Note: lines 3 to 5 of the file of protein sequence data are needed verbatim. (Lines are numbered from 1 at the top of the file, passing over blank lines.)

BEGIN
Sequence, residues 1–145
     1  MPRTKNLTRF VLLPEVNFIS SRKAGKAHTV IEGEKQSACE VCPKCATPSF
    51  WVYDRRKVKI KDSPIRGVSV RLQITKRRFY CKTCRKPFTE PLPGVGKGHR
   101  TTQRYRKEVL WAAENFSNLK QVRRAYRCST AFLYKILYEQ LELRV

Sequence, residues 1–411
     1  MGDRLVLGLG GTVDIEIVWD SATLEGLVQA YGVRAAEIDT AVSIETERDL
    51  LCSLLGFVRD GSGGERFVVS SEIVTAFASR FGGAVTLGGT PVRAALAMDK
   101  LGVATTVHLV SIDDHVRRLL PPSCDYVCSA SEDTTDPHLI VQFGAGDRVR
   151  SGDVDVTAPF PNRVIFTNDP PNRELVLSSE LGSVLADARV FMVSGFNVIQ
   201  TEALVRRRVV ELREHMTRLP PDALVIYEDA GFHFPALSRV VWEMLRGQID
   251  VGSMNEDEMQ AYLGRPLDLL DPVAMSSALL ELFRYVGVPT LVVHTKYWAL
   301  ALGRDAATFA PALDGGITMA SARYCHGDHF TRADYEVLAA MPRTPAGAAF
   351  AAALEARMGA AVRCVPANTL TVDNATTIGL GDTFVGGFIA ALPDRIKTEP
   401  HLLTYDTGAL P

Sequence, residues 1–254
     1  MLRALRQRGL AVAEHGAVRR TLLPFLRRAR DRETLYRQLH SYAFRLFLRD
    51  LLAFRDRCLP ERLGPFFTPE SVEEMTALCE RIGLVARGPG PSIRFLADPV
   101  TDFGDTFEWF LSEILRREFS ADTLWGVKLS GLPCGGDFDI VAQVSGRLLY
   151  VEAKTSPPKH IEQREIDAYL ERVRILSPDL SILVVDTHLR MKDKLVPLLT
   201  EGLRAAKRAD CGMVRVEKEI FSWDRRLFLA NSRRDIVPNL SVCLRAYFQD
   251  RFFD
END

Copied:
    51  WVYDRRKVKI KDSPIRGVSV RLQITKRRFY CKTCRKPFTE PLPGVGKGHR
   101  TTQRYRKEVL WAAENFSNLK QVRRAYRCST AFLYKILYEQ LELRV

Sequence, residues 1–411